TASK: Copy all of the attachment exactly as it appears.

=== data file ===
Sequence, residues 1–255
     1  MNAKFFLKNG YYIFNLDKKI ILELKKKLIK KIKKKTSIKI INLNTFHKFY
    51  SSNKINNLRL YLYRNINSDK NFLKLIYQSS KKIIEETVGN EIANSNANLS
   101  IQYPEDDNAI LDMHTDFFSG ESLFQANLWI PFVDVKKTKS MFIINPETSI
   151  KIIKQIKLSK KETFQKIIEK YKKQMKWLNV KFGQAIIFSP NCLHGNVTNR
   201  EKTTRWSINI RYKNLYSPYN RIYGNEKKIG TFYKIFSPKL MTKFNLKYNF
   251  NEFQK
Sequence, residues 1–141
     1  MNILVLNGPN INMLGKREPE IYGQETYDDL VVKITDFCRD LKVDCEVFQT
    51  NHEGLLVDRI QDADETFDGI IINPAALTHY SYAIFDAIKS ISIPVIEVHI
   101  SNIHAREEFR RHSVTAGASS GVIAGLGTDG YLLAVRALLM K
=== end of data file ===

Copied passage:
Sequence, residues 1–255
     1  MNAKFFLKNG YYIFNLDKKI ILELKKKLIK KIKKKTSIKI INLNTFHKFY
    51  SSNKINNLRL YLYRNINSDK NFLKLIYQSS KKIIEETVGN EIANSNANLS
   101  IQYPEDDNAI LDMHTDFFSG ESLFQANLWI PFVDVKKTKS MFIINPETSI
   151  KIIKQIKLSK KETFQKIIEK YKKQMKWLNV KFGQAIIFSP NCLHGNVTNR
   201  EKTTRWSINI RYKNLYSPYN RIYGNEKKIG TFYKIFSPKL MTKFNLKYNF
   251  NEFQK
Sequence, residues 1–141
     1  MNILVLNGPN INMLGKREPE IYGQETYDDL VVKITDFCRD LKVDCEVFQT
    51  NHEGLLVDRI QDADETFDGI IINPAALTHY SYAIFDAIKS ISIPVIEVHI
   101  SNIHAREEFR RHSVTAGASS GVIAGLGTDG YLLAVRALLM K